Frank Talks

Natasha Schlesinger – Founder of Artmuse Inc and Artmuse Interactive

Natasha Schlesinger
© Photo by Dustin O'Neal

We are very excited to bring you this week’s Frank Talk with Natasha Schlesinger, founder of Artmuse Inc and Artmuse Interactive. Natasha is an award-winning art historian and art advisor who has worked in the art field for over 25 years. Schlesinger began her career working at art galleries in New York and London. She continued as a specialist in European Furniture and Decorative arts at Christie’s auction house in New York before co-founding an international consulting firm, Meridienne LLC. She has lectured both at Christie’s and Sotheby’s and taught at the graduate program for the Study of Decorative Arts, the Cooper-Hewitt Museum, and New School. Schlesinger previously served as the Art Curator of The Surrey Hotel where she conceived and curated three successful exhibitions connecting The Surrey’s own permanent art collection to the most relevant themes in contemporary art today. Most recently, she curated a group exhibition titled “ManMade by Nature” at Unix gallery in Chelsea that featured multi-media works by 11 artists focused on looking at nature through the lens of innovation and technology. The exhibition is on until October 26th. She also curates the charity auction for the Baryshnikov Arts Center benefit annually. Schlesinger holds a Master’s degree in Decorative Arts and Design from the Bard Graduate Center for Studies in the Decorative Arts, Culture and Design. In 2005, Schlesinger received the Future Leaders of the Art World award from ArtTable, a national nonprofit membership organization for professional women in leadership positions in the visual arts. In 2017, she launched the Discover Galleries app to bring collectors and galleries together through a unique technology platform offering advice and consultation services. Please enjoy reading Natasha’s Frank Talk below!

What was your first job in the Arts? 

My first job was while I was an undergraduate at Barnard College, Columbia University and I was hired to be an art archivist for Wildenstein gallery. I went on to work for them in London as well for a short time after college.  

What was the most useful or important thing you learned at that job?

It was a great way to supplement my visual learning in art history. I was in charge of three rooms of files of any printed visual sources for art works from Medieval to Modern art. It was a phenomenal way to see and learn.  That gallery space in NY is now Skarstedt gallery and I walked in there for the first time in over 25 years a few months ago.  Very surreal experience that reminds one of the circuitous nature of life.

Tell us a little more about yourself. When did you realize you wanted to pursue a career in this industry?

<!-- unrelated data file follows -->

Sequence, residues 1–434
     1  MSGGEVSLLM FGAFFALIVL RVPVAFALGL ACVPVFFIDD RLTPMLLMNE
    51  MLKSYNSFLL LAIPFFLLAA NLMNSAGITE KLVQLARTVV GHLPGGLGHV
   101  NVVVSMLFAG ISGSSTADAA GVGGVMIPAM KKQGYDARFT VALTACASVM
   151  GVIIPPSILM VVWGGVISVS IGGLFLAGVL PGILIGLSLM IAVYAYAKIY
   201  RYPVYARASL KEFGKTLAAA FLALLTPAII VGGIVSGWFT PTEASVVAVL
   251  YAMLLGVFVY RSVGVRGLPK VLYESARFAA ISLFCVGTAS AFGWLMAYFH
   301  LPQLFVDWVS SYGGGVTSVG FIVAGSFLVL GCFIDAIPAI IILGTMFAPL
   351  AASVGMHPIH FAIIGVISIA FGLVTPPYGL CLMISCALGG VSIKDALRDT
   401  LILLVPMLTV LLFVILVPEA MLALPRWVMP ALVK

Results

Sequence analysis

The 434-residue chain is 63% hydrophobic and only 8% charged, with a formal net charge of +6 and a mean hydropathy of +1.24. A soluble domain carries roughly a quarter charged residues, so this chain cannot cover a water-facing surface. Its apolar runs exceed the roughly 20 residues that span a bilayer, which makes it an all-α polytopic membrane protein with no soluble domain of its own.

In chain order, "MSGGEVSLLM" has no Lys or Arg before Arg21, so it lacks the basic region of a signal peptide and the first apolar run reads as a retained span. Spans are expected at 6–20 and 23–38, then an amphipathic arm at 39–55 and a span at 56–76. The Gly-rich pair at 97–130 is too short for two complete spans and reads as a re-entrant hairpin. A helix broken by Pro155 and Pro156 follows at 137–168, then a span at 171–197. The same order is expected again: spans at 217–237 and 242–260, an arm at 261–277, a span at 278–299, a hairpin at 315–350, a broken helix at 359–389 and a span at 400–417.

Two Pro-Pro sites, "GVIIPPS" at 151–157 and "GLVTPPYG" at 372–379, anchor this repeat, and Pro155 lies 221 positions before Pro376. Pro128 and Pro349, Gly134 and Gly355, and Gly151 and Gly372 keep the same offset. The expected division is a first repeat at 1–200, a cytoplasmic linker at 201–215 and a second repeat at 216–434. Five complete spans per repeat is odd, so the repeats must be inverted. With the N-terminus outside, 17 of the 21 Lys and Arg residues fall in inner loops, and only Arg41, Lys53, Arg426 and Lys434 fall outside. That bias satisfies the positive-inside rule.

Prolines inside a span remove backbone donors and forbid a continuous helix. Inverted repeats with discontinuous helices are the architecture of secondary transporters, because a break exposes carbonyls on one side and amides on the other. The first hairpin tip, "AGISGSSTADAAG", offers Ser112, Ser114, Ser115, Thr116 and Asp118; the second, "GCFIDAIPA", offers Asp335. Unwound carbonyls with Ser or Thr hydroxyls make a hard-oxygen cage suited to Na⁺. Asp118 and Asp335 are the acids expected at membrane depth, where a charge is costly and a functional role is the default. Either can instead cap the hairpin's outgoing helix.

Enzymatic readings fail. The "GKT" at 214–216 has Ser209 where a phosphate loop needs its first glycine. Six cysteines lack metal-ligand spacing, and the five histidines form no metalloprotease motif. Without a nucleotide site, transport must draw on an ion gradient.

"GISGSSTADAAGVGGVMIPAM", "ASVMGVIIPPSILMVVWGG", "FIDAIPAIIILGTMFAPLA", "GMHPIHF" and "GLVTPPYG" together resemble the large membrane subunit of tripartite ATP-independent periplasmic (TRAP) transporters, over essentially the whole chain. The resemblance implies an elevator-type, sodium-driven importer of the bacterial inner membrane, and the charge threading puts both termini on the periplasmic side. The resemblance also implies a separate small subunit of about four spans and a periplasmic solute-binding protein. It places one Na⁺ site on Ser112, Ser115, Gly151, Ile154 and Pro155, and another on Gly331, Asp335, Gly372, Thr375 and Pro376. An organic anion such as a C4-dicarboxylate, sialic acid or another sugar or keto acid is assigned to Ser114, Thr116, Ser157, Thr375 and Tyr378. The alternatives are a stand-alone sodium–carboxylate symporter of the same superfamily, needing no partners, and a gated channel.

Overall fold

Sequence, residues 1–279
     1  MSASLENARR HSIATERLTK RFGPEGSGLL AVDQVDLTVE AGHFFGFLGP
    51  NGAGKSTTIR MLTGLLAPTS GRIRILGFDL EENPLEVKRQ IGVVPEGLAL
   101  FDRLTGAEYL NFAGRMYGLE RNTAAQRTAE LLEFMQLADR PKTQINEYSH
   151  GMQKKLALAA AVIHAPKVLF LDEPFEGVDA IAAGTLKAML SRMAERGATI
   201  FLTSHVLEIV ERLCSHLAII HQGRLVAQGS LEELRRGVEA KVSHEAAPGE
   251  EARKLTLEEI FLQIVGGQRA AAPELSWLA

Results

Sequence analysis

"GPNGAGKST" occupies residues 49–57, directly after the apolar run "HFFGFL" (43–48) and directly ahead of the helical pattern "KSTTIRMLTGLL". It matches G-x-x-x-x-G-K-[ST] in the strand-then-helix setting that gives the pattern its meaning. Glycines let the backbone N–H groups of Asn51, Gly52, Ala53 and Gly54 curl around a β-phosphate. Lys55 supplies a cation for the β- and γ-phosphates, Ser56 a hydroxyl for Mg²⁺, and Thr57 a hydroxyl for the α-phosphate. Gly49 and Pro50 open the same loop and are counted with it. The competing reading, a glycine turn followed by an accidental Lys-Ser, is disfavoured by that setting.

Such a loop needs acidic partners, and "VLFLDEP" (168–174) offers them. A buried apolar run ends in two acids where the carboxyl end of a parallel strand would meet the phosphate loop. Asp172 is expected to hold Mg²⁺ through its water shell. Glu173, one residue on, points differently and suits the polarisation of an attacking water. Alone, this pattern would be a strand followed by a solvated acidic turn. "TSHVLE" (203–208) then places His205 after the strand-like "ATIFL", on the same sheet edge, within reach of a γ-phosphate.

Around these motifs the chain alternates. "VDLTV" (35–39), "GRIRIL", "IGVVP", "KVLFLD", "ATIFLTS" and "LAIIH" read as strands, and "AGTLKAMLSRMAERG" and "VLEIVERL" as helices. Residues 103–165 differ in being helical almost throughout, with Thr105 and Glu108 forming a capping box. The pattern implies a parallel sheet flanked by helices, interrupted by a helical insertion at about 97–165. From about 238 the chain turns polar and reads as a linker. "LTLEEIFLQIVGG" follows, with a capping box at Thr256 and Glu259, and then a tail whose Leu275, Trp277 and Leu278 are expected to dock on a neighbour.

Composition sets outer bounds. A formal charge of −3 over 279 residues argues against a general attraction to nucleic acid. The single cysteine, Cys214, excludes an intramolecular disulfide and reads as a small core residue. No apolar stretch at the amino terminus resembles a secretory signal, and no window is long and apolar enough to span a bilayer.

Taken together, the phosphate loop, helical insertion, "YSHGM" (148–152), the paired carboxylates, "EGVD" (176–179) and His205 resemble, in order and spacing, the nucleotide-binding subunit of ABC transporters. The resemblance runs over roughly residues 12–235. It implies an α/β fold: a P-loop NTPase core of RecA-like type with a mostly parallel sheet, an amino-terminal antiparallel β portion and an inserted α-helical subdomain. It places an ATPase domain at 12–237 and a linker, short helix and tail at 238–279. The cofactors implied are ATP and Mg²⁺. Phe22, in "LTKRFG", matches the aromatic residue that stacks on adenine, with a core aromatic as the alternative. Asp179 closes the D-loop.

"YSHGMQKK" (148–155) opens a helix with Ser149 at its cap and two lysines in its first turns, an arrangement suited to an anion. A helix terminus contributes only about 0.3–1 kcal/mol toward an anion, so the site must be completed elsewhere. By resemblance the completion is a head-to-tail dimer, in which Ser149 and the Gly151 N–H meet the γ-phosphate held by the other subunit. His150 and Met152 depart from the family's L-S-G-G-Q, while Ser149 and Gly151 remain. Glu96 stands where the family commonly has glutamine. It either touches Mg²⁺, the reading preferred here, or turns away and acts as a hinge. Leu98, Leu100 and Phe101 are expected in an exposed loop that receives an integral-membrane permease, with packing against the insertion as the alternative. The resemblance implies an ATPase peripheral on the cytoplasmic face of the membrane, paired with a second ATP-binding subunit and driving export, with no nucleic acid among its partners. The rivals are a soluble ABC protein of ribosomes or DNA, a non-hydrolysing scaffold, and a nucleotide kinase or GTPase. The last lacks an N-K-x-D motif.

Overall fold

I was always taken to museums by my dad who was passionate about art and history. I didn’t always want to go but I finally took an art history class in high school and became interested on my own. It wasn’t until I went to Barnard, where I initially majored in psychology and planned to go to medical school, that I completely changed my mind, flipped my major and minor and became fully immersed in the idea that I only wanted to be in the art field. At that time though, it was going to be art prior to 20th century. When I graduated from Barnard, I went to London to work for an art historian Joachim Pissarro and did research for him in London, Paris and Tokyo. I came back to New York and worked for several Old Master and American paintings galleries as I didn’t know exactly what I wanted to do in the art field. I eventually tired of being the front-desk girl and doing work like writing for catalogues without much acknowledgement – I had to make a decision of whether to go on to get a Masters and PhD in art history or change my direction.  At that time, Bard Graduate Center was just founded by Susan Soros and I was accepted into its inaugural class.  At that time, I focused my studies on decorative arts of the 18th century. I focused on that and went on to become a specialist in that area at Christie’s right after graduating with a Master’s Degree. 

What do you do now?

What I do now cannot be described in just a few words. I have a company called Artmuse that offers curation, guidance, art advisory, partnerships, and events and corporate collaborations as well as a new technology platform. I have many roles that I play. I am a curator, and art guide and an art advisor but for many different projects from private to public. I am an entrepreneur at heart and feel that art offers numerous opportunities to think outside the box and broaden the scope of what that means.

Where are you from?

I was born in Moscow and immigrated to the Unites States with my family in 1979 as a child before the age of Glasnost. I have been in NY since then, as well as living in various cities in Europe.